# Pappus's hexagon theorem

## Geometry theorem / From Wikipedia, the free encyclopedia

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In mathematics, **Pappus's hexagon theorem** (attributed to Pappus of Alexandria) states that

- given one set of collinear points and another set of collinear points then the intersection points of line pairs and and and are collinear, lying on the
*Pappus line*. These three points are the points of intersection of the "opposite" sides of the hexagon .

It holds in a projective plane over any field, but fails for projective planes over any noncommutative division ring.[1] Projective planes in which the "theorem" is valid are called **pappian planes**.

If one restricts the projective plane such that the Pappus line is the line at infinity, one gets the *affine version* of Pappus's theorem shown in the second diagram.

If the Pappus line and the lines have a point in common, one gets the so-called **little** version of Pappus's theorem.[2]

The dual of this incidence theorem states that given one set of concurrent lines , and another set of concurrent lines , then the lines defined by pairs of points resulting from pairs of intersections and and and are concurrent. (*Concurrent* means that the lines pass through one point.)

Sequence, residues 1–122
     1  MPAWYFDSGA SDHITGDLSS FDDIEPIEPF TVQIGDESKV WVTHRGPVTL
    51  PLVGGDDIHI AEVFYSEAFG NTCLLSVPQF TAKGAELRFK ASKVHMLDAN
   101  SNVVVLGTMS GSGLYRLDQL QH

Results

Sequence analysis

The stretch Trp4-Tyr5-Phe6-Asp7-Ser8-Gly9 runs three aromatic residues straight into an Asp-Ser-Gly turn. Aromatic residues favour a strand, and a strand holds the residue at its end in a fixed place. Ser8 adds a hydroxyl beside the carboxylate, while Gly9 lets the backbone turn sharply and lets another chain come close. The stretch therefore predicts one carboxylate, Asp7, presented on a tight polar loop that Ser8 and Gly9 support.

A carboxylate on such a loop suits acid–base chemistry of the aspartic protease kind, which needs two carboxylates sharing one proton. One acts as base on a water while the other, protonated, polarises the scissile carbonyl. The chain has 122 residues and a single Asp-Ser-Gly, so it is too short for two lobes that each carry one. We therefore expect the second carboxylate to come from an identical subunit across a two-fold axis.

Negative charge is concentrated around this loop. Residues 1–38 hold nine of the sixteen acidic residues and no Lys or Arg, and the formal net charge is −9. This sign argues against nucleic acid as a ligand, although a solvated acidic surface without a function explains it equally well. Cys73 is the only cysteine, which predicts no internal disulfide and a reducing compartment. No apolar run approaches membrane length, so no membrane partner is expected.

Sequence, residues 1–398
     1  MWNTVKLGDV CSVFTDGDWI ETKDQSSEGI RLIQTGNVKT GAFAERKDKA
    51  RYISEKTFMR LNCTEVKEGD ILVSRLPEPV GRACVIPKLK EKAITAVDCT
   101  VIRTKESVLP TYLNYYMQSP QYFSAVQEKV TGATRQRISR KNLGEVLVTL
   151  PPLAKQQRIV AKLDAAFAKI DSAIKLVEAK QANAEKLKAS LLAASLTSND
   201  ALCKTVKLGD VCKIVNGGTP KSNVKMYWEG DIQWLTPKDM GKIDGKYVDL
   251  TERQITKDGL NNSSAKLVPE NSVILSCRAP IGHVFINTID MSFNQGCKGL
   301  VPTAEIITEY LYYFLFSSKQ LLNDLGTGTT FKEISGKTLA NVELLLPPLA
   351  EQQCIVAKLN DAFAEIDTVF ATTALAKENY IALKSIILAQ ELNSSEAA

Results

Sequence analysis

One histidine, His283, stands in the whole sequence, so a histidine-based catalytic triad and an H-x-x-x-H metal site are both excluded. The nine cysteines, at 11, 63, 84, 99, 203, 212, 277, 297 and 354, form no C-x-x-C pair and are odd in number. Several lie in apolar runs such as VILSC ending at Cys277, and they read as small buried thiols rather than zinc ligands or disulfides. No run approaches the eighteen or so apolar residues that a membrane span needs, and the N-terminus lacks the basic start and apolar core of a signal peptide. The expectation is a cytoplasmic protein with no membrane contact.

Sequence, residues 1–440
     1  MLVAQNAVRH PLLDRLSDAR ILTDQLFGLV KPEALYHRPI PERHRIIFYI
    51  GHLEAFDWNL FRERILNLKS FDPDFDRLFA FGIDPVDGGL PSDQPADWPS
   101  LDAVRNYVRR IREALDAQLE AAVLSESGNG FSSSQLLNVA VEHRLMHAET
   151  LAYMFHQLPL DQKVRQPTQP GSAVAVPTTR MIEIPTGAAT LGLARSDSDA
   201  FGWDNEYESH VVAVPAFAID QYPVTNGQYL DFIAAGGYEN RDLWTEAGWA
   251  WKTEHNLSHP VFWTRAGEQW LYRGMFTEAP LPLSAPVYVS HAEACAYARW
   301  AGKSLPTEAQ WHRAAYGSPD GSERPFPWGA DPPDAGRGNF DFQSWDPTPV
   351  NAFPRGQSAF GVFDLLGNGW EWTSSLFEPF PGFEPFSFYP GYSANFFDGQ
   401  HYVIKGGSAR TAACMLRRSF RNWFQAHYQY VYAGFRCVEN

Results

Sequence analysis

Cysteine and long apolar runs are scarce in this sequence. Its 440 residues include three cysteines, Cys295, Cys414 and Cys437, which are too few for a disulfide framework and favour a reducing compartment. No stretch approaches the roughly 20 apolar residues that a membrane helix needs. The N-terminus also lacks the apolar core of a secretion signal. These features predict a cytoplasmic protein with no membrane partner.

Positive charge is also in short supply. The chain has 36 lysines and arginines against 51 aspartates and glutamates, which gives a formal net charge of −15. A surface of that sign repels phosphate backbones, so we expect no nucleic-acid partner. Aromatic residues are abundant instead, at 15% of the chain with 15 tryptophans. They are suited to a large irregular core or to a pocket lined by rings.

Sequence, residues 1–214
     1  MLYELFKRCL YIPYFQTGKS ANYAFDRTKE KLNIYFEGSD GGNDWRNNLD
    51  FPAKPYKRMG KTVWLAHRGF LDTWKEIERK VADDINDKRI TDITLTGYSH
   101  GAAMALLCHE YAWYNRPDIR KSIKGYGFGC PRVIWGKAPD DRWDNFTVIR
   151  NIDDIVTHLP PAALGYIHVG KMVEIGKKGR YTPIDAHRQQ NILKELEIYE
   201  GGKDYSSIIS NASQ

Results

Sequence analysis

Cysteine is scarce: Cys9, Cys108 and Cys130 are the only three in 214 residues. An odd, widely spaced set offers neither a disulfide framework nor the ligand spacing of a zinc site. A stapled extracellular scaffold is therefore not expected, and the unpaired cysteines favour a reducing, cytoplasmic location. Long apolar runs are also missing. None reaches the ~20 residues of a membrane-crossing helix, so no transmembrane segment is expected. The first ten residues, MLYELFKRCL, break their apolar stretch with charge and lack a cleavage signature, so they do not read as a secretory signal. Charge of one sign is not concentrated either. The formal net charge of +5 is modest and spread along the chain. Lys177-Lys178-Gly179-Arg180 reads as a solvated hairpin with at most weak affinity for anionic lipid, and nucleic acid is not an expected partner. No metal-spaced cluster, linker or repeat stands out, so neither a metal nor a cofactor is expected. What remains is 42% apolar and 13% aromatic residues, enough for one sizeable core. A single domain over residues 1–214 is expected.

Pappus's theorem is a special case of Pascal's theorem for a conic—the limiting case when the conic degenerates into 2 straight lines. Pascal's theorem is in turn a special case of the Cayley–Bacharach theorem.

The Pappus configuration is the configuration of 9 lines and 9 points that occurs in Pappus's theorem, with each line meeting 3 of the points and each point meeting 3 lines. In general, the Pappus line does not pass through the point of intersection of and .[3] This configuration is self dual. Since, in particular, the lines have the properties of the lines of the dual theorem, and collinearity of is equivalent to concurrence of , the dual theorem is therefore just the same as the theorem itself. The Levi graph of the Pappus configuration is the Pappus graph, a bipartite distance-regular graph with 18 vertices and 27 edges.